Watergate Bay skatepark Newquay – 1970s UK skateparks

Watergate Bay skatepark Newquay was opened on 29th May 1977, overlooking the beach north of Newquay, Cornwall, and later that year the Watergate Bay Skateboard Contest was held there, attracting many competitors from the UK, and from America and Australia as well.

Watergate started out as a surfing centre, but when the people in charge saw the potential of skating, they built the skate park. It’s small: a short run-in with an 8′ concrete wave, and two bowls with 6′ walls, but there are plans for future expansion.

With the many amateur and pro riders who turned up for the 1977 contest, and the hundreds of spectators who watched, Watergate skatepark has helped put British meetings on the international skateboarding map.

Watergate Bay skatepark Newquay in 1977, from Successful Skateboarding Magazine 1977 with thanks to http://vintageskateboardmagazines.com
Watergate Bay skatepark Newquay in 1977, from Successful Skateboarding Magazine 1977 with thanks to http://vintageskateboardmagazines.com

Zboys galore in this ‘Go for It’ vintage skateboarding mid-late 1970s clip

Here’s a video of the 1970s skateboarding scene posted to YouTube by harvestentertainment
It shows vintage skateboarding footage from the late 1970’s via a piece of the ‘Go for It!’ film by Hal Jepsen and Wilt Chamberlain. Featured in this video are Tony Alva, Jay Adams, Wentzel Rumel, Paul Constantineau and more.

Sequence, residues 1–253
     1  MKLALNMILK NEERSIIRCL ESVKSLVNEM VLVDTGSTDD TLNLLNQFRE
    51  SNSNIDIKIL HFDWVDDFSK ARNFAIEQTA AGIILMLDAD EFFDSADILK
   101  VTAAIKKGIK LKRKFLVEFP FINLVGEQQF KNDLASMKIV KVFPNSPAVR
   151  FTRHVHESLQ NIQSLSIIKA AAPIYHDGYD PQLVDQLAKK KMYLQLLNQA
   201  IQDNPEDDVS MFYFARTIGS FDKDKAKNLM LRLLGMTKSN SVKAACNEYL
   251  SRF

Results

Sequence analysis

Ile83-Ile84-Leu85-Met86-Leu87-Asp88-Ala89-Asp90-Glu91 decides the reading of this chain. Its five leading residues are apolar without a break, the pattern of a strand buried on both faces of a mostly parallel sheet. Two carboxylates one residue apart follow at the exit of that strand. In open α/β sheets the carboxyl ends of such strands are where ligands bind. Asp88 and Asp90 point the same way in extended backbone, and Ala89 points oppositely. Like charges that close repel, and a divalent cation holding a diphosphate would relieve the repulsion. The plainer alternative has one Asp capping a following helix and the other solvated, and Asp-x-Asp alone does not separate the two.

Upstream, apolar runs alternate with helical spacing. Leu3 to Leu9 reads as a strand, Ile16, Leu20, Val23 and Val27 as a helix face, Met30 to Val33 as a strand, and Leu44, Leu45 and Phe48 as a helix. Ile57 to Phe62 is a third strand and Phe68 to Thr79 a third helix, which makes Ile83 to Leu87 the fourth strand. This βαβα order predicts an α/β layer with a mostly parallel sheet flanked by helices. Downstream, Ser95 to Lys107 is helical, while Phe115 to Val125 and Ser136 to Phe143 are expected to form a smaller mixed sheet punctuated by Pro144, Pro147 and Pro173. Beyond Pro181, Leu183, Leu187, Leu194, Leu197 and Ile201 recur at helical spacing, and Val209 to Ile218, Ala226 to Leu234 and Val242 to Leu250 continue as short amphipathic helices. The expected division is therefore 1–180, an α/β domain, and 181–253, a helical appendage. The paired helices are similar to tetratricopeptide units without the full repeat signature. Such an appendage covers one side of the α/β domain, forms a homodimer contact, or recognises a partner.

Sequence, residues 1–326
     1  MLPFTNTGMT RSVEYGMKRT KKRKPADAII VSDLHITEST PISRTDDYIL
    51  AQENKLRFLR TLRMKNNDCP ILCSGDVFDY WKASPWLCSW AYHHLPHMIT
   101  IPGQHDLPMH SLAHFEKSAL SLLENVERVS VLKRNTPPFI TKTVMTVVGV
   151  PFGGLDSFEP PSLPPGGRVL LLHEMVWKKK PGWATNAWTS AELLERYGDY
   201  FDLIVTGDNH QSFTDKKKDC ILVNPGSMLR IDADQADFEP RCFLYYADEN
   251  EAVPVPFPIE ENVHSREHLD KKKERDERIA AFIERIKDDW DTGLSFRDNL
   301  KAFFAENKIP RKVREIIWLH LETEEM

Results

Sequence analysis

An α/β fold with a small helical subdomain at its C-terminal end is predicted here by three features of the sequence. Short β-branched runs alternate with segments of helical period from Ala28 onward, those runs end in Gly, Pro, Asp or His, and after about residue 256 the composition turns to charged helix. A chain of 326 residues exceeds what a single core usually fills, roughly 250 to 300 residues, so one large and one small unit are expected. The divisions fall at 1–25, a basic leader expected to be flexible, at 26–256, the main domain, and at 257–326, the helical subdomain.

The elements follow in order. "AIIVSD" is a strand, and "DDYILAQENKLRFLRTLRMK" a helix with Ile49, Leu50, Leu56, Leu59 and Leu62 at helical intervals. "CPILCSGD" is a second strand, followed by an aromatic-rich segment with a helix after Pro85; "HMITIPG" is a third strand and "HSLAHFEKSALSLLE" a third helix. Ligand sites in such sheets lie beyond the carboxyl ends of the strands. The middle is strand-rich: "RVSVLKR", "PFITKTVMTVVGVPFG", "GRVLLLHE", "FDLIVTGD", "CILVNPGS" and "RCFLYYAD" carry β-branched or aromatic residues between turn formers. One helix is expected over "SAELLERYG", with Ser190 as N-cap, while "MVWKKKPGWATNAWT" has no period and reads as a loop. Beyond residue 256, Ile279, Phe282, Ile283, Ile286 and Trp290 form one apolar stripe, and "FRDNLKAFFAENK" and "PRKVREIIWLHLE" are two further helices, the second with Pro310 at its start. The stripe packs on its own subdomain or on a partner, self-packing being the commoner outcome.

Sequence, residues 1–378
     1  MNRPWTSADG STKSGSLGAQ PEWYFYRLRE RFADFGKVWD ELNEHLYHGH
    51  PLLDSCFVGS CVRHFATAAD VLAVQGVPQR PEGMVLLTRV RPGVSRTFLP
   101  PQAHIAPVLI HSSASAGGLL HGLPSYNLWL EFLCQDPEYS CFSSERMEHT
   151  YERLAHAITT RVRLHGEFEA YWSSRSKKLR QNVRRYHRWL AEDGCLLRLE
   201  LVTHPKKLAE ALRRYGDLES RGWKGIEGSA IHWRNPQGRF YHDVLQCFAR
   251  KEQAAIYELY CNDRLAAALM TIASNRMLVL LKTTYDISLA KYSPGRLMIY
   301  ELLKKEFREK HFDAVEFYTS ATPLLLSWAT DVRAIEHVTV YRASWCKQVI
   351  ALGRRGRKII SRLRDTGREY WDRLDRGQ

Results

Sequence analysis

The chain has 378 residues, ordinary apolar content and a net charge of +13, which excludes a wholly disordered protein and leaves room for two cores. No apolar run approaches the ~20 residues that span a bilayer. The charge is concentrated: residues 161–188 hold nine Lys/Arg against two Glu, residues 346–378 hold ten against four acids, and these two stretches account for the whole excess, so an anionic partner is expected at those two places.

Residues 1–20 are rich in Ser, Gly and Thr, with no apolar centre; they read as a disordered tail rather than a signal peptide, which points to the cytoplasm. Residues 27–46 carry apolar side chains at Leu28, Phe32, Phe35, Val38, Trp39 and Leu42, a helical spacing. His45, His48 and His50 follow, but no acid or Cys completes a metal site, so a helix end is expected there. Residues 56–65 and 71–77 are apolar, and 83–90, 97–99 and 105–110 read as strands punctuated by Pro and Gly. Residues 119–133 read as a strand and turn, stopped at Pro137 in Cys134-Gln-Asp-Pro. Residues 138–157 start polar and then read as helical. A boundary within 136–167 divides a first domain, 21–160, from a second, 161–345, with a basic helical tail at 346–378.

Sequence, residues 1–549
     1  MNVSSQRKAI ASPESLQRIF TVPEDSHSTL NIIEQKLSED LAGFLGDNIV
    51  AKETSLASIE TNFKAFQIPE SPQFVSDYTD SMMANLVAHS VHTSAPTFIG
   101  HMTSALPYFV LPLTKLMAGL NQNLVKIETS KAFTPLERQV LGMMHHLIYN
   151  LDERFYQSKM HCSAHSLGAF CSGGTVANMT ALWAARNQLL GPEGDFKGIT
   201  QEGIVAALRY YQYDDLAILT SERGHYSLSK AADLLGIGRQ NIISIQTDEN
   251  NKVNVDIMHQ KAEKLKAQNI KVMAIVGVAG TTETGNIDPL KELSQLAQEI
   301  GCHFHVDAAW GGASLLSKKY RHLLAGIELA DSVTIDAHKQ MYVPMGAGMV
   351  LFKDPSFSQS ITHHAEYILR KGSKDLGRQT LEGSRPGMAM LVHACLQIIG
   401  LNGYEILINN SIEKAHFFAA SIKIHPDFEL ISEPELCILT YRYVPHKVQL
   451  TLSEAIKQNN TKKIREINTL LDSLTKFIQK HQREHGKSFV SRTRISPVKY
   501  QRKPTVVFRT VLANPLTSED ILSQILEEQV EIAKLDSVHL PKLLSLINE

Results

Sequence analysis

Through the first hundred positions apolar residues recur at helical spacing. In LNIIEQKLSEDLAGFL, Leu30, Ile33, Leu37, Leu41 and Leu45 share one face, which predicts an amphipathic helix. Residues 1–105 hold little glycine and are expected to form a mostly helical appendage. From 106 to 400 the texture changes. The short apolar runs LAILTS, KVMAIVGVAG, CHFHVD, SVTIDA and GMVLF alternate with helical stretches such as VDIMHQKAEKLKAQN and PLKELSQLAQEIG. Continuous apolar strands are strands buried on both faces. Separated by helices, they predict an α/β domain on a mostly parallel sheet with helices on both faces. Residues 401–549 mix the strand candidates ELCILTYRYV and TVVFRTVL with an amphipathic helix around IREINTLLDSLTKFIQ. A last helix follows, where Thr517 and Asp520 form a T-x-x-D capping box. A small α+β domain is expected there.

The main music track on the video is “Cosmosis” by The Dragons.

Jock Paterson

Jock Paterson believes in an eye-catching start to his freestyle routine. He launches himself and his board into the air and as soon as he hits the ground moves immediately into his first sequence.
Jock Paterson was a UK Nationwide Champion of skateboarding at the Skatecity venue in December 1977. He ‘s a keep-fit fanatic who enjoys surfing off Brighton beach.

Jock Paterson. Skateboarding in Brighton in 1977. Photo is probably BBC Copyright
Jock Paterson. Skateboarding in Brighton in 1977. Photo is probably BBC Copyright

There were a lot of smiling faces when it was announced that Jock Paterson was Nationwide’s Supreme Skateboard Champion – and they weren’t all from 20 year-old Jock’s supporters from Brighton. Because if the Nationwide Championship could have been won by sheer determination and dedication, Jock would have surged to victory way ahead of anyone else. As it was, Jock took the top prize with an all-round display of skateboard skills which brought him two first places — in slalom and freestyle – and third place in the speed event. But his preparation for the final at Skatecity was unbeatable anyway. Jock, who doesn’t drink or smoke, went on a special diet of mainly steak and milk to build himself up for his biggest test. Every morning before breakfast, he was out in his home town of Brighton training and trying to perfect his tricks. Jock’s main worry was his freestyle but he worked constantly on developing a smooth routine – a formula that brought him success. “I’m not too hot at freestyle,” said Jock, “so I knew I had to really work at it to get anywhere in the competition. It was a fantastic feeling to win the championship.”